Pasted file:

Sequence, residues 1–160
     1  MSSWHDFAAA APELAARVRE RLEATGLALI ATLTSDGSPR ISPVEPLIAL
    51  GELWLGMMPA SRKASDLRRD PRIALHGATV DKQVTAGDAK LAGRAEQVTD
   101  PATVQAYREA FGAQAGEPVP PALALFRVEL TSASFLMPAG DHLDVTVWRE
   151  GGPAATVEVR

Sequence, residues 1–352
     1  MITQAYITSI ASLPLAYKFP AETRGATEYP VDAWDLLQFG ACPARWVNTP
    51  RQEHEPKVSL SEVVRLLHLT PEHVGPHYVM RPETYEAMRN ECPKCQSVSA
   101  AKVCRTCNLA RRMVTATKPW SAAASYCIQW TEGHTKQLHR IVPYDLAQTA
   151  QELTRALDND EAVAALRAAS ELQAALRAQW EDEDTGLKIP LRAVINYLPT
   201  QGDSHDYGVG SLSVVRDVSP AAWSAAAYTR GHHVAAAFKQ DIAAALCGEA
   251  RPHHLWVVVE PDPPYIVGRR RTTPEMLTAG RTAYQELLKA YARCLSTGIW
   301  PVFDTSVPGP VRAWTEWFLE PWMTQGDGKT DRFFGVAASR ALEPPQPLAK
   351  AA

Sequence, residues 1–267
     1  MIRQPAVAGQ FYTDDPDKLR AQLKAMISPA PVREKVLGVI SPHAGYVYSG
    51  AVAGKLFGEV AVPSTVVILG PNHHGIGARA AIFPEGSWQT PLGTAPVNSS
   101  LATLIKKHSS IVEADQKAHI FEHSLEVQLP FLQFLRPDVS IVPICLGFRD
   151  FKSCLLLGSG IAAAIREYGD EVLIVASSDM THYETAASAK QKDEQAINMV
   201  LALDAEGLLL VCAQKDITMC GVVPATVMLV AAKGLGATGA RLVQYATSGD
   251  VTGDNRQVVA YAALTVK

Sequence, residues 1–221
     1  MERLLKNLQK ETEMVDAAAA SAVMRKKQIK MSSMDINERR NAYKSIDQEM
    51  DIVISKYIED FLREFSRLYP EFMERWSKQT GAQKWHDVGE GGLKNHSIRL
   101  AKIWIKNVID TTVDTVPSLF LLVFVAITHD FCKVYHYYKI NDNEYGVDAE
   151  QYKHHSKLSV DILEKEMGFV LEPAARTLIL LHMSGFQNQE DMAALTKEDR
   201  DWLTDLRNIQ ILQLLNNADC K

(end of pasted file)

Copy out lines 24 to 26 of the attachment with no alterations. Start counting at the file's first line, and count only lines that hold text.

    51  DIVISKYIED FLREFSRLYP EFMERWSKQT GAQKWHDVGE GGLKNHSIRL
   101  AKIWIKNVID TTVDTVPSLF LLVFVAITHD FCKVYHYYKI NDNEYGVDAE
   151  QYKHHSKLSV DILEKEMGFV LEPAARTLIL LHMSGFQNQE DMAALTKEDR